In 1974, Ginsburg tried what she always remembered as her favourite case, Weinberger v. Wiesenfeld. Her client was a man whose wife, the primary bread earner, had died while giving birth. The husband, who wanted to spend more time with his newborn, was fighting to obtain Social Security benefits, which under the existing laws were only available to widows, not widowers. In her brief for the case, Ginsburg argued, “[I]f the society’s aim is to further…better care for growing children, it should…not [help] widows with dependent children and ignor[e] widowers in the same plight. [I]t is the economic and functional capability of the surviving breadwinner to care for children which counts; the sex of the surviving parent is incidental.” The court unanimously agreed, setting a precedent that would not only spell increased equality between men and women in the workplace, but also reduce gender and sexuality based discrimination. Recalling the Wiesenfeld case later, Ginsburg said: “This is my dream for society… Fathers loving and caring for and helping to raise their kids.” Such paternal engagement had been her own childhood experience and that within her own marriage. Her beloved husband of 56 years was not only deeply devoted to his wife and her career, but he was also fully engaged in the lives of their children and was famously the family’s talented cook.
Ginsburg’s superior oratory skills, which won her five of the six cases she presented to the Supreme Court, led President Jimmy Carter to nominate her to the US Court of Appeals for the District of Columbia in 1980. In 1993, President Bill Clinton sought her out to fill the Supreme Court seat vacated by retiring Justice Byron White. Though she was not the first person on his list, it took just one meeting with Ginsburg to convince the President she was the right fit. She had a similar effect on the Senate, who confirmed her appointment with a resounding 96-3 vote. Thus she became the first Jewish person and second woman to sit on the Supreme Court.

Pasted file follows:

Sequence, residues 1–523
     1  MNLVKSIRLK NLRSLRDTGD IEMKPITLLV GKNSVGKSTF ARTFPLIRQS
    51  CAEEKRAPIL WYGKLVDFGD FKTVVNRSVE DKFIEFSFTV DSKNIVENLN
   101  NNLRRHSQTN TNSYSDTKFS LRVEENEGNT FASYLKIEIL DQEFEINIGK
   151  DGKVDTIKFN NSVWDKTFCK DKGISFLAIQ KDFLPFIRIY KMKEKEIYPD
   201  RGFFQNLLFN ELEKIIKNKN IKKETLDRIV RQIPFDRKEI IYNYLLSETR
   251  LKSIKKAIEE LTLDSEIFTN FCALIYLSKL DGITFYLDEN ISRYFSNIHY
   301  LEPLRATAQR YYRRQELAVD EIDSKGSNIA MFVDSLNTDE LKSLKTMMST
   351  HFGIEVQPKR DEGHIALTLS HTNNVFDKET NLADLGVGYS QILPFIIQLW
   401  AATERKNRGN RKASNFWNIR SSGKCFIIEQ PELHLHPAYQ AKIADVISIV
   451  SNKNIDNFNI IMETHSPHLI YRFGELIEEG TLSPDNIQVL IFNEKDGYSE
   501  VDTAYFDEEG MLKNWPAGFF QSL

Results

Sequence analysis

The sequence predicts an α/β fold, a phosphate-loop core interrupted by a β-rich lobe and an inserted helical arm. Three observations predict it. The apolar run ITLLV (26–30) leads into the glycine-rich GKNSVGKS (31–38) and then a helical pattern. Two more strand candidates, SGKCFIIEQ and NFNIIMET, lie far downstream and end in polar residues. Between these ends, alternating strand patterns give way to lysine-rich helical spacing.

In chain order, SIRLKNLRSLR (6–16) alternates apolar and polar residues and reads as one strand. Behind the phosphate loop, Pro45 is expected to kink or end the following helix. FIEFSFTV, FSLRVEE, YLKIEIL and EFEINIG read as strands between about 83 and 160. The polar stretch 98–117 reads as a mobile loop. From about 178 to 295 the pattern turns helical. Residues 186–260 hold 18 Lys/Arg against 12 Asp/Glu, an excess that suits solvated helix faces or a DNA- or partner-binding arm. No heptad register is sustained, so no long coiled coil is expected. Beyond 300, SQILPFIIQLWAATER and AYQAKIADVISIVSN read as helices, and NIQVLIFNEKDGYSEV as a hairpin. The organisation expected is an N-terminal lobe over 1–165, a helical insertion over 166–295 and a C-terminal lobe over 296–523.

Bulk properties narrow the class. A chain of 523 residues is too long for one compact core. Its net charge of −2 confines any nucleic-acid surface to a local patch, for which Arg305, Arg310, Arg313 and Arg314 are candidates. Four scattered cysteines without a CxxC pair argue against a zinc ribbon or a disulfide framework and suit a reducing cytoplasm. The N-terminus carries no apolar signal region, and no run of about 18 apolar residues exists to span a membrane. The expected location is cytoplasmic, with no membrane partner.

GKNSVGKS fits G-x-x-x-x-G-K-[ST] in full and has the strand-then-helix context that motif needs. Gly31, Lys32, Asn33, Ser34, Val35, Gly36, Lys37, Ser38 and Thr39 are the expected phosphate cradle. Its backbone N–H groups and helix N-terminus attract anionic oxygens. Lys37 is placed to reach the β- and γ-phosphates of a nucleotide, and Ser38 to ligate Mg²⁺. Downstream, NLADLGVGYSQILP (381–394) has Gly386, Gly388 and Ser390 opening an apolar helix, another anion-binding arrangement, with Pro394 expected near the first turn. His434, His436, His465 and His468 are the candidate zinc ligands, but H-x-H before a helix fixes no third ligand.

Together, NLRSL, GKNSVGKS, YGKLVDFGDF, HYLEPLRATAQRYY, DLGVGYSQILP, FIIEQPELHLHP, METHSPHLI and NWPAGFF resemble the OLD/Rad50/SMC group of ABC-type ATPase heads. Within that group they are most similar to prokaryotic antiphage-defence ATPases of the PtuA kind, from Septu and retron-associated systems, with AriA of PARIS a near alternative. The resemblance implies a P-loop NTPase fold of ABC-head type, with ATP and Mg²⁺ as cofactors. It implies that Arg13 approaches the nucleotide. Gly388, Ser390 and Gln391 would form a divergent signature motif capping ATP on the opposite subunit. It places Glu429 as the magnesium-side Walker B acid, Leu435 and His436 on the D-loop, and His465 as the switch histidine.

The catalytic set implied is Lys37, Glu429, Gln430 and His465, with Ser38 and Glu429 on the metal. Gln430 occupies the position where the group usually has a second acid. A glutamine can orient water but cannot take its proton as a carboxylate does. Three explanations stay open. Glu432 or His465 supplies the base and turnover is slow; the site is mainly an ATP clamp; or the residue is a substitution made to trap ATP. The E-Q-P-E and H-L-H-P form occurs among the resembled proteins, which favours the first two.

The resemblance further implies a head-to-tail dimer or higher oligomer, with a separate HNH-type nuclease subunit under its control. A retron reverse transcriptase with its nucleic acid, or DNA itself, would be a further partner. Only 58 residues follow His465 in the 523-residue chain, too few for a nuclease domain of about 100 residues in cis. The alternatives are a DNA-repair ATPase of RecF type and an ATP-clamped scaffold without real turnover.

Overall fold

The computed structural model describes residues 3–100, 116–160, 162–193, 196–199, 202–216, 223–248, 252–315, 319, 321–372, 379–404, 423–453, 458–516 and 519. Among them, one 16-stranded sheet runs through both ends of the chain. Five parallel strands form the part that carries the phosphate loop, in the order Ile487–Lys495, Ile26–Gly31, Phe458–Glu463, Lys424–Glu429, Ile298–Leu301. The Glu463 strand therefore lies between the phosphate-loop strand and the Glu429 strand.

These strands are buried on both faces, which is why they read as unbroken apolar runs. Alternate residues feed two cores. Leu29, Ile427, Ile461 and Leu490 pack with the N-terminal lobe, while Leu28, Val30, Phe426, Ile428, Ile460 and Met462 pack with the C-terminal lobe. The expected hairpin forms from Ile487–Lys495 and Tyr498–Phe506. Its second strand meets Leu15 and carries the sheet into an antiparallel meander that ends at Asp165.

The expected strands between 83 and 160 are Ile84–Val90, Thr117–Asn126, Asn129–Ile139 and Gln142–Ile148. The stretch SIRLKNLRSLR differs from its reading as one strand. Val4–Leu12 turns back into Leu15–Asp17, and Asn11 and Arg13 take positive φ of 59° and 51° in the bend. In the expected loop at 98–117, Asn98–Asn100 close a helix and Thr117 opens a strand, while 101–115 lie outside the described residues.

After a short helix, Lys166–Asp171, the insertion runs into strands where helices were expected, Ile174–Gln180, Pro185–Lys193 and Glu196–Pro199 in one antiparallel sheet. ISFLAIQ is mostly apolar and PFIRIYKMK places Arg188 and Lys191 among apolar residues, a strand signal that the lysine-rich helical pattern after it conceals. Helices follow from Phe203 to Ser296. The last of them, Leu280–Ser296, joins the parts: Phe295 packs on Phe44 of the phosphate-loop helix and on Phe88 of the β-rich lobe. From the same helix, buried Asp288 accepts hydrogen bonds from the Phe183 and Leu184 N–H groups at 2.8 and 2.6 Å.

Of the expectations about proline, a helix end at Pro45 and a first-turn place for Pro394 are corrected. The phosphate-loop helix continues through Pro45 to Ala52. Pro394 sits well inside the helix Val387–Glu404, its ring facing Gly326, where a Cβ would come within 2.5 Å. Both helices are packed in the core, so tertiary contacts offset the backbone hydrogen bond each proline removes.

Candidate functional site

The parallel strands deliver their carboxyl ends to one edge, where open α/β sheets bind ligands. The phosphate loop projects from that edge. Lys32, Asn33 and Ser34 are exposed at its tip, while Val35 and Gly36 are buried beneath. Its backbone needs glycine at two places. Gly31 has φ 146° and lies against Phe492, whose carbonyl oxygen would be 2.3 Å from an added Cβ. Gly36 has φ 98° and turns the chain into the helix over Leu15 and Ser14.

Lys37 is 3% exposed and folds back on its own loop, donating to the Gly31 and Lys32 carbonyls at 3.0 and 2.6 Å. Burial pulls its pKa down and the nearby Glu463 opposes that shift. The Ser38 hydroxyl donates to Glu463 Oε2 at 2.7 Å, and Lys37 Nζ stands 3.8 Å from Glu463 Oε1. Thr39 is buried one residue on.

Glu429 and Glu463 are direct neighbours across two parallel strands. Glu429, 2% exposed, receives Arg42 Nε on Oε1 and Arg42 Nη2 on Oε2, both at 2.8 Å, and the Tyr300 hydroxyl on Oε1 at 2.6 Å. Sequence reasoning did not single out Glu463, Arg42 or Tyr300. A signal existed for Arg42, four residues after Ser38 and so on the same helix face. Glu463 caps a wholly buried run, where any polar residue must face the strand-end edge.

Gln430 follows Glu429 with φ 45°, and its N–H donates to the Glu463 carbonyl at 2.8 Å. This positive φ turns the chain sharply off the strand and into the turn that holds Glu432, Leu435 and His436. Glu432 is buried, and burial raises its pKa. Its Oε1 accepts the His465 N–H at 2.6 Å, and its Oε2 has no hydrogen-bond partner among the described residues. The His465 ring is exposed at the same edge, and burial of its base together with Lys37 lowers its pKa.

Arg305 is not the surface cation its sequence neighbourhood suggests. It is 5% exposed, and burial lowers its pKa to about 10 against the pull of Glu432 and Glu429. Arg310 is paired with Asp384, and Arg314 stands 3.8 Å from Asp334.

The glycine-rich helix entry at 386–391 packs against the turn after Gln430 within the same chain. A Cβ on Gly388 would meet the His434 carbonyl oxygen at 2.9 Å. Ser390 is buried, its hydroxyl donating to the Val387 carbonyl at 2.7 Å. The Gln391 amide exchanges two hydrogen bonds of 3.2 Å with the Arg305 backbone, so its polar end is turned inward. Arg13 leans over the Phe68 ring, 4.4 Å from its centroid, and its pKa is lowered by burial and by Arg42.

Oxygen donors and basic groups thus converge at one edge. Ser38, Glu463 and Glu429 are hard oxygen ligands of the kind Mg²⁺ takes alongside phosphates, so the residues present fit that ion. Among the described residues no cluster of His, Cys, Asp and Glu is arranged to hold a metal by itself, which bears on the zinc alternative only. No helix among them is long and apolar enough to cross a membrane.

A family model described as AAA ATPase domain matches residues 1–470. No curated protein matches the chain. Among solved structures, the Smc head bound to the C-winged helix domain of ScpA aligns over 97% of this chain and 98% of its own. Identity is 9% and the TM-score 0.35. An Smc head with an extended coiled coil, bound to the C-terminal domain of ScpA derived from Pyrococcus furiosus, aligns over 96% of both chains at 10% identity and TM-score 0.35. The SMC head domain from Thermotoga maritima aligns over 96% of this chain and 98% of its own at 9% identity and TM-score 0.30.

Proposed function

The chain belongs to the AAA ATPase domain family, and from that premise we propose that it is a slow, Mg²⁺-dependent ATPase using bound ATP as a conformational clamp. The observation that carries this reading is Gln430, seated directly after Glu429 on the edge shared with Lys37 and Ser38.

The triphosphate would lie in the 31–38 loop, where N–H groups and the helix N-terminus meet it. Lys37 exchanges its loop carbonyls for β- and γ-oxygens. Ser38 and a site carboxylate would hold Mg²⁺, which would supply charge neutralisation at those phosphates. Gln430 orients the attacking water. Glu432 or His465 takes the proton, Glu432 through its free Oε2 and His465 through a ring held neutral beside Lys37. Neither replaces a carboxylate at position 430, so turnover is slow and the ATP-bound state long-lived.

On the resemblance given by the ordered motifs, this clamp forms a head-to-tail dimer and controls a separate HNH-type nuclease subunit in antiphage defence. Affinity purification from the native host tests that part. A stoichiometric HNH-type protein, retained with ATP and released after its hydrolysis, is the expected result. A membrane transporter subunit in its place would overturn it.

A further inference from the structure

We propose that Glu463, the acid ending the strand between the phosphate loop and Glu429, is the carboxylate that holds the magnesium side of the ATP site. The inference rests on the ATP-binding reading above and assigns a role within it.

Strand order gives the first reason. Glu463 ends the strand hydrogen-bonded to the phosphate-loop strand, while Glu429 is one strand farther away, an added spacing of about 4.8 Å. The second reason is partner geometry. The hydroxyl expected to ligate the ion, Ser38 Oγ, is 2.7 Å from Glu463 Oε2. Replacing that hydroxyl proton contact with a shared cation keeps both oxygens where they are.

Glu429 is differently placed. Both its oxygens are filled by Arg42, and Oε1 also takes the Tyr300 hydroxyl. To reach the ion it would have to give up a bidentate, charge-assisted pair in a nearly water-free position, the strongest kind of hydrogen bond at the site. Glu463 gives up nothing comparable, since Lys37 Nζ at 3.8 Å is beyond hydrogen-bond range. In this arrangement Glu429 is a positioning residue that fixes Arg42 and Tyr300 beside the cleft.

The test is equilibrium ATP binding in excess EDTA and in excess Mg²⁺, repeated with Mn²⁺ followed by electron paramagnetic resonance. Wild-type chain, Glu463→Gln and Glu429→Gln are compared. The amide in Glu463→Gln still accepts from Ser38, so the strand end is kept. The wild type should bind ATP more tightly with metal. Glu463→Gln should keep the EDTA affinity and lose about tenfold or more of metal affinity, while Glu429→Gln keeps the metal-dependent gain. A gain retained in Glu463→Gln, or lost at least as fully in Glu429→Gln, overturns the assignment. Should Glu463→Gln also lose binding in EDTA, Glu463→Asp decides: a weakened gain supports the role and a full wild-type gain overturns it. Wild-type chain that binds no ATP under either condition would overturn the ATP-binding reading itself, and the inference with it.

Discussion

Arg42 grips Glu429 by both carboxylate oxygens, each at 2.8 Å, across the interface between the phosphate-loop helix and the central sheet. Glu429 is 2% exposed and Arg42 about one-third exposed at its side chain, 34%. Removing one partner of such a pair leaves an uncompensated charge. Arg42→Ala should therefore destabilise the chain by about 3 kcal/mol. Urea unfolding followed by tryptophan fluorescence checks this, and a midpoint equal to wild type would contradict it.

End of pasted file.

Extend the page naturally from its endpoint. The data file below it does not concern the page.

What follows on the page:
During her 27 years as a Supreme Court Justice, Justice Ginsburg often argued against unfair laws. However, her most passionate dissents were always to defend women’s rights issues. One of her biggest wins was a 1996 ruling reversing the long-standing male-only admission policy at the state-funded Virginia Military Institute (VMI). This landmark case helped the Supreme Court of the United States struck down the long-standing male-only admission policy of the VMI in a 7–1 decision, Justice Antonin Scalia being the only dissenter. Writing for the majority, Justice Ginsburg stated that because VMI failed to show “exceedingly persuasive justification” for its sex-based admissions policy, it violated the Fourteenth Amendment’s Equal Protection Clause. With the VMI decision, the high court effectively struck down any law which, as Justice Ginsburg wrote, “denies to women, simply because they are women, full citizenship stature — equal opportunity to aspire, achieve, participate in and contribute to society.” VMI was the last all-male public university in the United States. United States v. Virginia is now a seminal case discussed in most Constitutional Law classes, which most students take during their first year of law school.